The items that I typically keep in my main kit include; a BlackHawk Shemaugh, a YogaRat Microfiber Hand Towel, 50′ 550 Paracord, one pair of Gorilla Grip Work Gloves, two 3M Dust Masks, a bandana, two mylar blankets, a couple of garbage bags, a dozen 12″ zip ties, a roll of electrical tape, three S-biner clips, a small bottle of hand sanitizer, a travel toothbrush and toothpaste, a travel pack of tissues, a travel pack of wipes and three 10′-long sections of toilet paper, each wound tightly into individual rolls and stuffed into a heavy-duty ziplock bag so they lay down flat and stay clean and dry. This provides me with much more flexibility when it comes to sharing my resources.
Another kit that I usually like to keep in my EDC is the Best Glide Survival Sewing and Repair Kit. It contains loads of useful items including; kevlar thread and needles, cord, duct tape, rubber patches, braided wire, and even a small razor blade knife just to name a few. I usually add to it as I find other useful items that I think I might need.
In the small admin pocket on the front of my EDC pack I usually keep the following items; a Mini SAS Survival Guide 2E, a Moleskin Pocket Notebook or other small notebook, two gel pens and a permanent marker, a pack of gum, playing cards, a couple of those stainless steel card-sized survival kits, some extra cash and a second Bic lighter.
In the frontmost zippered pocket I like keep the following items; an Fenix UC35 Flashlight, a Schrade SCHDDS Compact Field Sharpening Rod, a 2.9″ fixed-blade Dozier K-9, a Schrade SCH406N Neck Knife, a Kershaw Select Fire Model 1920 Folding Knife and a small hairbrush. I also keep a small plastic box of batteries in this pocket containing a few spare AA, AAA and button batteries for each of my flashlights.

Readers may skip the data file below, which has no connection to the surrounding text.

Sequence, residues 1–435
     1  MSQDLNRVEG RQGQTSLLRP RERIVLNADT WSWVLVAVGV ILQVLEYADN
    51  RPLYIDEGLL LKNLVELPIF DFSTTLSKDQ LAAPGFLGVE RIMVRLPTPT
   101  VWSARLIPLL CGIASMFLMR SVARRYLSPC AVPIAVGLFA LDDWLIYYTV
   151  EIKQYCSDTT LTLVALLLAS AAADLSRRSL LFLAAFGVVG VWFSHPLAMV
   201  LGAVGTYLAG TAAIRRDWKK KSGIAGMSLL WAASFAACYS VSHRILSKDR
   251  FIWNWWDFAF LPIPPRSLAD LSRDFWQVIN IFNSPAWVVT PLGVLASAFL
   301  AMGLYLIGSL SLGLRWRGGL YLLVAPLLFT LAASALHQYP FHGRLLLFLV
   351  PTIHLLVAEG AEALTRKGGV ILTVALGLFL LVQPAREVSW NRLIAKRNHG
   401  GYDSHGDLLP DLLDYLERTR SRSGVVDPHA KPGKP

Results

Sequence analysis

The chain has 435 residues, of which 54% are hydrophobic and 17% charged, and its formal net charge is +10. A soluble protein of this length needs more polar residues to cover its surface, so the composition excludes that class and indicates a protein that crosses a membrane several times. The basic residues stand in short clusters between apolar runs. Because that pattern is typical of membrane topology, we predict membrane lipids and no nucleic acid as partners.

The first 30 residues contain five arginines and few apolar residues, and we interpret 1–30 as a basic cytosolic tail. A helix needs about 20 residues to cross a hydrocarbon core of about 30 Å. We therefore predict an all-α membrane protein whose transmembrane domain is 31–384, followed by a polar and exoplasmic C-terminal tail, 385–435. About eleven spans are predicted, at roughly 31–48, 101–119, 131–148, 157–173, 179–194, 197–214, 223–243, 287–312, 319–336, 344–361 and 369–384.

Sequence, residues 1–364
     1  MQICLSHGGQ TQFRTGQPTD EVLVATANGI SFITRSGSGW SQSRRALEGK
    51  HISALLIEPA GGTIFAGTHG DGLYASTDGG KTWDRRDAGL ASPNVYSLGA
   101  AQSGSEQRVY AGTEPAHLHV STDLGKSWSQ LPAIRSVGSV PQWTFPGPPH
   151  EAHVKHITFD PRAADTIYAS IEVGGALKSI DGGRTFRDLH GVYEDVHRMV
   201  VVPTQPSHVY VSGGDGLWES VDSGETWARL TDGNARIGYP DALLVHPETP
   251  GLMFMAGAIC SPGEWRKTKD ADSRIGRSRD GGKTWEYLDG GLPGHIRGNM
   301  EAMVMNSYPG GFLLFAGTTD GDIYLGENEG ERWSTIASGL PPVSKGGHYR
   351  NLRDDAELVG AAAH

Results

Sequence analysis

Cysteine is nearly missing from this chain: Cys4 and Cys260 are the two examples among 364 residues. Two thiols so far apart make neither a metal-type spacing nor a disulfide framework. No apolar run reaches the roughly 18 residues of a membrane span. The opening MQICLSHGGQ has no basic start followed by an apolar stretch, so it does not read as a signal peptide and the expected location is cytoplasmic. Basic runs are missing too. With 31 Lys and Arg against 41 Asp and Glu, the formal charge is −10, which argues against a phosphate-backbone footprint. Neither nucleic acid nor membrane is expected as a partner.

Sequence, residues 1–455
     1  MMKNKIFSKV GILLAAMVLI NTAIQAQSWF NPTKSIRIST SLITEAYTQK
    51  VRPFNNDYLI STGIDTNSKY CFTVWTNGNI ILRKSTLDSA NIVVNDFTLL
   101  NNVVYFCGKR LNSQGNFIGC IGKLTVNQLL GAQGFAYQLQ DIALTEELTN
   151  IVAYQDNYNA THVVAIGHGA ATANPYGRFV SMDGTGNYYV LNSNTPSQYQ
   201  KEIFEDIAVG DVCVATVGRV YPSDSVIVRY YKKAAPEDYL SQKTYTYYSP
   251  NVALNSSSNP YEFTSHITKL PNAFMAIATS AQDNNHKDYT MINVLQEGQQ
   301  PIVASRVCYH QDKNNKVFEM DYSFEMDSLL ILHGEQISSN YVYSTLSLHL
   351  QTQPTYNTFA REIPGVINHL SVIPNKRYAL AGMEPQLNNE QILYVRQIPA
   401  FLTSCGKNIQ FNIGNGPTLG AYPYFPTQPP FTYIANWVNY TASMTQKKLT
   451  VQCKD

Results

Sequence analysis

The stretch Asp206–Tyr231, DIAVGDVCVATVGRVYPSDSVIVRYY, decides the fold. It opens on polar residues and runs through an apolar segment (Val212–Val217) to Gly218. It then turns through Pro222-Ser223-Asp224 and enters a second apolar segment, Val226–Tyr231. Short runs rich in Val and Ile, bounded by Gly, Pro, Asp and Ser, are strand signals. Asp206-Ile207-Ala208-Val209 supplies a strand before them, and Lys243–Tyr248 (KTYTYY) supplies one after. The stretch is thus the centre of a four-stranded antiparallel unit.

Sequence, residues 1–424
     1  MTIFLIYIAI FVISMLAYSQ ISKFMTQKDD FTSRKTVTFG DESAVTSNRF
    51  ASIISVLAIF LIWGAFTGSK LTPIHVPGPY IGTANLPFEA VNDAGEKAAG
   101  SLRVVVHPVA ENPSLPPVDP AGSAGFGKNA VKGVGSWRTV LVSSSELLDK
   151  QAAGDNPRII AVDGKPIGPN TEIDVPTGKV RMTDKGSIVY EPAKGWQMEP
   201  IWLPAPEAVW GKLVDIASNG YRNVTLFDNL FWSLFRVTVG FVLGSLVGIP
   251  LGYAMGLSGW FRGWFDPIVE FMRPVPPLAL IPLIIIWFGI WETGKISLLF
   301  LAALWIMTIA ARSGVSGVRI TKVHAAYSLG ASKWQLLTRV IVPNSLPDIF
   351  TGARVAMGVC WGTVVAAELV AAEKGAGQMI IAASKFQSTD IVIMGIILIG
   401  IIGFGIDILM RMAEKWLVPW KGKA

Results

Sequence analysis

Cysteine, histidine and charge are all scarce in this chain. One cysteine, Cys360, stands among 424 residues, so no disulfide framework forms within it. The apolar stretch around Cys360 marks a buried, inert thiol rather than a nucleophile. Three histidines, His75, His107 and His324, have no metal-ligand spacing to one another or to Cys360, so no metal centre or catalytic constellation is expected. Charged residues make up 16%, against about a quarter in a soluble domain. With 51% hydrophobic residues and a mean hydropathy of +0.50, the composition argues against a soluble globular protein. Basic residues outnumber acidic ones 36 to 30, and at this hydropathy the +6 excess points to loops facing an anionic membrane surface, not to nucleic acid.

In the hydration bladder compartment I typically keep a Platypus Platy Bottle 2L, two small packs of jerky, three 180 calorie packs of trail mix and sometimes even a small pack of sunflower seeds.
Loose in the bottom of the main compartment I keep; one Sawyer Mini Water Filter or LifeStraw Personal Water Filter, a Frogg Toggs Packable Poncho and a Totes Compact Umbrella.
Attached to the admin pocket zipper-pull I keep a Streamlight Mini Flashlight so it is always within reach when I’m searching through my pack.
Attached to other zipper-pulls I like to keep a resqme Vehicle Escape Tool and a Gerber 22-01769 Keychain Tool so they’re also easily accessible.
When I’m headed out into the field to work on computer systems, I usually pack two additional kits and a laptop… One kit includes; a USB flash drive, network and USB adapter cables and of course the stuff for my laptop. In the other kit I like to pack a few small tools including; screwdrivers, extra zip ties, a IRWIN Groove Joint Pliers, a Fluke Networks D-Snips and sometimes a Fluke Networks Modular Jack Crimper along with a few RJ45 ends.
Some of items that I’ve often considered adding to my EDC gear rotation but haven’t for one reason or another include; a small lock pick set, a suture kit or steri-strips, Best Glide Survival Fishing Kit, Pocket Predator Hathcock Target Sniper and ammo, Schrade SCBAT21H Baton, Combat Application Tourniquet, CAT or R.A.T.S. Rapid Application Tourniquet, and an Israeli Army Bandage. I’ve even heard of people packing tampons because they are lightweight, sterile and could easily be used to plug wounds in a pinch.
Not only can the gear you pack in your EDC save your life or the life of another, the knowledge and experience that you achieve from putting an EDC together, and the added confidence that you gain through preparedness can help you in many other areas of your life. Always having my EDC nearby provides me with a much higher level of comfort when I am traveling far from home. However, I really do need to get better about bringing it along with me on shorter errands. You never know when you’ll be needing it, and it does you no good if you leave it at home.
I’d love to hear other opinions and ideas for improving my own EDC, and to help others do the same. Please leave a comment and join in on the discussion.